Oh how lucky we are! Brave media outlets have cast aside the demons denying our right to know. They have published the facts and now we know the truth. Those dreadful protestors were up to murder and mayhem and the police have saved us all from terror and tyranny.
It sounds like a good story, but like most fairytales it’s a fanciful concoction.
The police were clearly upset at the decision of the Solicitor-General to refuse to approve the laying of anti-terror charges against those arrested in paramilitary raids last month.
Police Commissioner Howard Broad politely said he was disappointed, but having staked their reputation on the raids the police were keen to show a sceptical public their actions were justified. The leaks followed within a day but were not published until The Press and its sister paper, the Dominion Post, went to print five days later.
So having failed through legal channels, the leaks paved the way for trial by media.
Despite there being not enough evidence to justify the laying of anti-terror charges, the Dominion Post headlined its selective reportingas The Terrorist Files.
The excited shock-horror reporting that followed reaches a new low for democracy. Firstly, because of the abuse of the right to a fair trial for those arrested, and secondly because of the blatantly misleading information presented to the public.
Ironically, the public are probably further from the truth now than they were a month ago.
The material reported was taken from long, rambling conversations between a small number of the 17 arrested. Key phrases were carefully selected and presented out of context in the most damaging way possible. We were supposed to be shocked and stunned.
The threat to declare war on New Zealand and many of the other quotes so breathlessly reported are classic stupidity and coming from the person they do they are more sad than serious.
Likewise, anyone in court who heard the context and discussion of the so-called threat to assassinate George W. Bush would not have recognised it as the serious threat it was reported to be in newspapers and on television. Similarly with the other so-called threats.
Remember, too, that how a person says something tells a lot about what they mean by it. None of this comes with the titillating tidbits.
The media would have done a much better job if they had printed all of each conversation to give at least a minimal amount of context and it would become clear that these had no more substance than the idle threats made against Helen Clark, John Key or George Bush in homes around the country every night during the TV news.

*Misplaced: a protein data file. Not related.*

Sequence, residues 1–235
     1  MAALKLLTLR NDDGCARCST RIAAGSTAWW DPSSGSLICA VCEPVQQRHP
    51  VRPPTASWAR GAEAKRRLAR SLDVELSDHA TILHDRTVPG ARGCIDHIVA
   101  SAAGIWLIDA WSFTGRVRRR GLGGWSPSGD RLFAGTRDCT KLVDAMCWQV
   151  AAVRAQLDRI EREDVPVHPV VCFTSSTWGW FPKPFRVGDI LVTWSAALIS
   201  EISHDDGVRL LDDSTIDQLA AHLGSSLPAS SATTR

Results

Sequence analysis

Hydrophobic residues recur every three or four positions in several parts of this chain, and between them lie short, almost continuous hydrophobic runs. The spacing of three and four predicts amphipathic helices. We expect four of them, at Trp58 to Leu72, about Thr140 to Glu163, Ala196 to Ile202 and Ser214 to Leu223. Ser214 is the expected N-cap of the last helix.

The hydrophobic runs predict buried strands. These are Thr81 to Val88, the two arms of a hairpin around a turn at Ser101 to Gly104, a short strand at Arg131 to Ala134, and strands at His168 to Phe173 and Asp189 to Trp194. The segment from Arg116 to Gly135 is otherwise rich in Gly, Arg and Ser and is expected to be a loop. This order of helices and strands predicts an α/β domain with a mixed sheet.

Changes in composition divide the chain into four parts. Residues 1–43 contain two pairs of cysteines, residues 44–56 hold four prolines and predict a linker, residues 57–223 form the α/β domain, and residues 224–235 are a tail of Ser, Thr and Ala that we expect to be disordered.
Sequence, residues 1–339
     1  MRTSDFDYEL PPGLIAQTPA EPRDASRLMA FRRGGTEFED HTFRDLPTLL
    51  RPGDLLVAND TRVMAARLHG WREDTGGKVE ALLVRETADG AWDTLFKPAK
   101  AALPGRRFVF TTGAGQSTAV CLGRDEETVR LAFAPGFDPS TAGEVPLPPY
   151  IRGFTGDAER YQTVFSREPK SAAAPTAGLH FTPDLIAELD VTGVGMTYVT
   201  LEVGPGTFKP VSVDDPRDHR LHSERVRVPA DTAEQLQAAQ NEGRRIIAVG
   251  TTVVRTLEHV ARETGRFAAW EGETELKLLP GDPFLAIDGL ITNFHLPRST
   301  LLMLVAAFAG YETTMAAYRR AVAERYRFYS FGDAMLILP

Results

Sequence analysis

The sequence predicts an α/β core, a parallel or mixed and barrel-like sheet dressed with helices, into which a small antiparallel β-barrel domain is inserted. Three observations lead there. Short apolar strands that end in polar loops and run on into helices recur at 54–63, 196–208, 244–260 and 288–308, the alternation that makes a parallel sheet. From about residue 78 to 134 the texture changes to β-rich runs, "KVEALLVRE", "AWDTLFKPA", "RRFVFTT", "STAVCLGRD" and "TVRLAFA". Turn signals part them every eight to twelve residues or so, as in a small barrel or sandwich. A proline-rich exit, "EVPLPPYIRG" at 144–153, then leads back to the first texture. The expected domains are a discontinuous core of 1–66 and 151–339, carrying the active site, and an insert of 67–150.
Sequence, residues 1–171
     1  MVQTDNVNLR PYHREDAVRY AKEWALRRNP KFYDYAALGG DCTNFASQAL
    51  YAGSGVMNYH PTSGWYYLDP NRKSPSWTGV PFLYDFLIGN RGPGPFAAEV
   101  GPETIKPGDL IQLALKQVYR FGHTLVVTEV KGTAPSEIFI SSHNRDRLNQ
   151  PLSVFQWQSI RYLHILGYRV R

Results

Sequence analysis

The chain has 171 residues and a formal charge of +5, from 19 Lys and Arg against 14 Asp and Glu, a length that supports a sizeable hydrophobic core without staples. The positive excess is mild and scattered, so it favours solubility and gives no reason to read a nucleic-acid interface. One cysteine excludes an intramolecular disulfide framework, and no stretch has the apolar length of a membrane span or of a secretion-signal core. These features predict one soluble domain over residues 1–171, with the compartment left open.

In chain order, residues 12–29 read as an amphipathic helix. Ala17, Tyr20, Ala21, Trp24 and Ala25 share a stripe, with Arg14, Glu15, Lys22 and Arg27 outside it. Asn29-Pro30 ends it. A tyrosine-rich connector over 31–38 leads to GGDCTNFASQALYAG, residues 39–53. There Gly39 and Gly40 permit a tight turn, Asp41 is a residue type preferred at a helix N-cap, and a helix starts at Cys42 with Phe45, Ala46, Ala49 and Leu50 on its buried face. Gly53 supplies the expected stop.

There never was a credible terror threat or real threat to life, and no amount of carefully selective reporting will change that. The police were wrong in their analysis and wrong in their conclusions.
The people branded as terrorists from day one have now been pilloried by sections of the media as terrorists all over again.
Far from providing accurate, balanced material, the public have been shamefully treated by this titillating presentation of misleading information.
Probably the nadir of the whole sorry saga came with a TV reporter in Wellington who tried to cross- examine one of the defendants as they took part in the hikoi protest outside Parliament.
Someone in our office suggested the episode smacked of the goings-on
in the McCarthyist witch-hunts in America in the 1950s. It’s hard to disagree.
And where were our politicians while all this carry-on was dominating the news? Not a single Labour or National MP or minister spoke out clearly for the rights of those arrested to have a fair trial. The Prime Minister feigned concern but her heart wasn’t in it. There was no room for leadership – the most important priority was not to look weak in the war against terror.
And who is to decide if contempt of court action will be taken against those who breached the right to a fair trial? According to the Solicitor-General, it will be the police who make this decision. In other words, we shouldn’t expect too much to happen too quickly.
Looking ahead, the publication of material from the police raids and its misuse by some media and politicians underlines the dreadful dangeri nherent in the new police powers of surveillance. How many of us would be confident that if the police bugged all our conversationsfor a year they couldn’t produce similar damaging highlights?
We do need an independent inquiry into police operation and the releaseof all surveillance information. But this can only occur after the evidence is tested in court and the accused have had the opportunity to present their side of the story. It’s called giving people a fair go.